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Ongoing Trends in Fraternity and Sorority Lawsuits

July 8, 2022

By: MacKinley B. Phelps

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On November 1, 2012, a pledge of the Northern Illinois University chapter of the Pi Kappa Alpha fraternity tragically died due to alcohol poisoning. Six years later, attorneys on behalf of the deceased’s family were able to obtain a settlement of $14,000,000. This settlement was split between 44 individual fraternity and sorority members who were present on the date of the incident, as well as Pi Kappa Alpha’s NIU chapter.[i]

This story is not at all uncommon. According to the available data, in the fraternity and sorority system, at least one hazing death has occurred on average per year since 1838.[ii] Beyond hazing incidents, fraternities and sororities have been involved in lawsuits stemming from sexual assault to dram shop liability to premises liability. However, the national chapter entities of fraternities and sororities whose members are implicated in these lawsuits have been notably absent from these lawsuits.

For instance, in the above-mentioned case, the Supreme Court of Illinois ruled that Pi Kappa Alpha’s national chapter did not owe a duty to the deceased because it lacked a special relationship to impose such a duty.[iii] There have been countless other lawsuits attempting to implicate the national chapter. However, many courts have been hesitant to impose a duty on a national chapter for the actions of its members.[iv]

Rulings like this have shielded national organizations from liability, thereby leaving the undergraduate chapter entity and the homeowner’s policies maintained by the parents of the implicated members to foot the bill for any settlement or judgment. Because of this, representation of a fraternity or sorority may become a hodgepodge of competing insurance interests and tender battles that may detract from the defense of the organization and its members. Further, this seemingly never-ending dispute over insurance coverage has prompted attorneys to find new ways to get around a fraternity or sorority’s national organization’s dismissal from a lawsuit to go after insurance with the deepest pockets.[v]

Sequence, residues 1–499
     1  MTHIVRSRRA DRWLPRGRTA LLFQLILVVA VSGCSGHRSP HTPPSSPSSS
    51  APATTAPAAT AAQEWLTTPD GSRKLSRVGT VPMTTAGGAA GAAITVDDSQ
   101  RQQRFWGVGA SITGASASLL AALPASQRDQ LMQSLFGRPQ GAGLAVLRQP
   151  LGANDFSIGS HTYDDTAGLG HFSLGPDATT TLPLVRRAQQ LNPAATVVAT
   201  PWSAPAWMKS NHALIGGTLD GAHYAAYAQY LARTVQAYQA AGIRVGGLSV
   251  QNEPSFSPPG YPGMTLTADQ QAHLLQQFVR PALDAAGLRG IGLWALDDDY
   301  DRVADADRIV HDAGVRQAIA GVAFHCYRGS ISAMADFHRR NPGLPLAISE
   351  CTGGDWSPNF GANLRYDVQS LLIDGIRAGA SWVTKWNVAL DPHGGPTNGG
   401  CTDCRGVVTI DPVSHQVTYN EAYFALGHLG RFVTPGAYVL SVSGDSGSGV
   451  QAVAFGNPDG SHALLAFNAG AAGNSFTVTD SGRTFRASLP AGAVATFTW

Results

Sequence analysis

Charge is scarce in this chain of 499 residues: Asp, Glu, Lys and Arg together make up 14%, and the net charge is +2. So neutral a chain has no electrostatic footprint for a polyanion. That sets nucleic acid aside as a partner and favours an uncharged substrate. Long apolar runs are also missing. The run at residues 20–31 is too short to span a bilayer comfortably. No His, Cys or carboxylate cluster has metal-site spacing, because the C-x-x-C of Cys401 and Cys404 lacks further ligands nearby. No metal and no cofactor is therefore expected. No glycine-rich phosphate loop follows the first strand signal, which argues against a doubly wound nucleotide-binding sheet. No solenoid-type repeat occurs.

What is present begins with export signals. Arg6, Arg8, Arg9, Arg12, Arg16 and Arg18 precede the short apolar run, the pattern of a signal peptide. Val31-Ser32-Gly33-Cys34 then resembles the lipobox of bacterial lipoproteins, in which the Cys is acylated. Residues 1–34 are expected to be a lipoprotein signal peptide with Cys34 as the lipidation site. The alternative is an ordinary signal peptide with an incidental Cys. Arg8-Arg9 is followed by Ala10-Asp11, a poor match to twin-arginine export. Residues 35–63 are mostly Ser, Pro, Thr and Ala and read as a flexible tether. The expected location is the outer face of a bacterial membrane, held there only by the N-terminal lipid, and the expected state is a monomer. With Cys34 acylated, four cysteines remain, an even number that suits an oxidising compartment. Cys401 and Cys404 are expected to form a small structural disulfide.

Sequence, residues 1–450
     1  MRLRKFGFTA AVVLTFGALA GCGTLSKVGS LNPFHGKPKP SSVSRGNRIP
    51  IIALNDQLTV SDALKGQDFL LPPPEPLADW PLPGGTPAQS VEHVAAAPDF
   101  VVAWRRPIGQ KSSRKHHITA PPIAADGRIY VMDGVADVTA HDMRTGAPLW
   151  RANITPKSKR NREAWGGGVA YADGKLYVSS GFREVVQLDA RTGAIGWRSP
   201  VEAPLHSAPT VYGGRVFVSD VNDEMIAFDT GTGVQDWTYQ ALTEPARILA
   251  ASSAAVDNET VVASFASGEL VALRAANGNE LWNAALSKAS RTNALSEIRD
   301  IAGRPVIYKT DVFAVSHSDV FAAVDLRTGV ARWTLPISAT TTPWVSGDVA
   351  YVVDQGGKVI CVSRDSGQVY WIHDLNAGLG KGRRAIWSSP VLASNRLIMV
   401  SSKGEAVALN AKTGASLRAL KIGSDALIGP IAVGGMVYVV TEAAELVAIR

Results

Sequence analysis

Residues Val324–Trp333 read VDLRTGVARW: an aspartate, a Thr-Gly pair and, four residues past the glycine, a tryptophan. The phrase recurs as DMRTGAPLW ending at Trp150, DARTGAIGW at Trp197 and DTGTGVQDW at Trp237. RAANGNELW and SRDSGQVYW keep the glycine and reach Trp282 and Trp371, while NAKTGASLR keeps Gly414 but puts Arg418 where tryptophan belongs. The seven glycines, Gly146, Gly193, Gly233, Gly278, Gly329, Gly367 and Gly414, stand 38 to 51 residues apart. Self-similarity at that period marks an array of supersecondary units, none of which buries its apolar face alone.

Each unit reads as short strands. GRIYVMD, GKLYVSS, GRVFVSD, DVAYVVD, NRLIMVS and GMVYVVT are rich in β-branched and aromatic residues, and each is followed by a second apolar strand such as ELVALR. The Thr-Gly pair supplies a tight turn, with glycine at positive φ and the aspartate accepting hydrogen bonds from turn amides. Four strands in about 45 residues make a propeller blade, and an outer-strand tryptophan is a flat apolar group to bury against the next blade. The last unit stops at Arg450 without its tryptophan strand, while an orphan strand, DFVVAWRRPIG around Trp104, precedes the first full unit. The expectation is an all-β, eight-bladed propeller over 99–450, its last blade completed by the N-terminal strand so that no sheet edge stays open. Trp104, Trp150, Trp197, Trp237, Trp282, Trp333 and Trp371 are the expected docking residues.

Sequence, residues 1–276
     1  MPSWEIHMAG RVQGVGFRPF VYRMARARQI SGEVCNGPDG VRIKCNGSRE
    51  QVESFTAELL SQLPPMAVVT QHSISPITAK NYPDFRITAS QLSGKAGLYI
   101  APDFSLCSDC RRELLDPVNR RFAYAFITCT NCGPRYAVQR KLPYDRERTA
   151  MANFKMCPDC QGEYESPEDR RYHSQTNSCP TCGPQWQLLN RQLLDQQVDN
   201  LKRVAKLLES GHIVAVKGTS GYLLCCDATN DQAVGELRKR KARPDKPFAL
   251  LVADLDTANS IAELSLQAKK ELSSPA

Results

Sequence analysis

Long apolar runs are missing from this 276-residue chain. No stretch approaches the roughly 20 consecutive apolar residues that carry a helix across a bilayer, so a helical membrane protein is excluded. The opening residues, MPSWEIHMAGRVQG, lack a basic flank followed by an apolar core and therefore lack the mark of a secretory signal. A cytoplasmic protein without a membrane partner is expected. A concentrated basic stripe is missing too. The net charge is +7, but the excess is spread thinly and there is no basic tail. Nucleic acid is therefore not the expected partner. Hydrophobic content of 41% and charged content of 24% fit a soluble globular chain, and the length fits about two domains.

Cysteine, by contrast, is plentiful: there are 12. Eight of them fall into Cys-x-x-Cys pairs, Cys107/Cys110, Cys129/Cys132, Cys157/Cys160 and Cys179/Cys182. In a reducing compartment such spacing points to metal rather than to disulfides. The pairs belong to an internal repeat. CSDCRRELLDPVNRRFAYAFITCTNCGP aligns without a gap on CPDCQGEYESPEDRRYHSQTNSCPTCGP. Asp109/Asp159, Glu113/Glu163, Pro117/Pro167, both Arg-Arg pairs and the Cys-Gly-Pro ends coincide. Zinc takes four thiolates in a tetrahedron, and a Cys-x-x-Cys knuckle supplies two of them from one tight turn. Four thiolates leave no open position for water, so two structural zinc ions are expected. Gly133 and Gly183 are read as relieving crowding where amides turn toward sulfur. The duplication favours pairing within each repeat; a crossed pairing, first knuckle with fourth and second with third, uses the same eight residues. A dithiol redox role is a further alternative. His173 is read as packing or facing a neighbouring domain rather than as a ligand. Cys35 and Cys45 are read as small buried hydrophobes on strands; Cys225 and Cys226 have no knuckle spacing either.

The trend we are seeing is plaintiffs’ attorneys attaching negligent supervision, negligent training, or other similar claims to their lawsuits in order to implicate the fraternity or sorority at large, thereby gaining access to multi-million dollar insurance coverage and avoiding chasing down individual members who may be effectively judgment-proof. These theories of liability seem to establish a sufficient nexus between a national organization and its members enough for the lawsuit against the national organization to survive dismissal or summary judgment.[vi]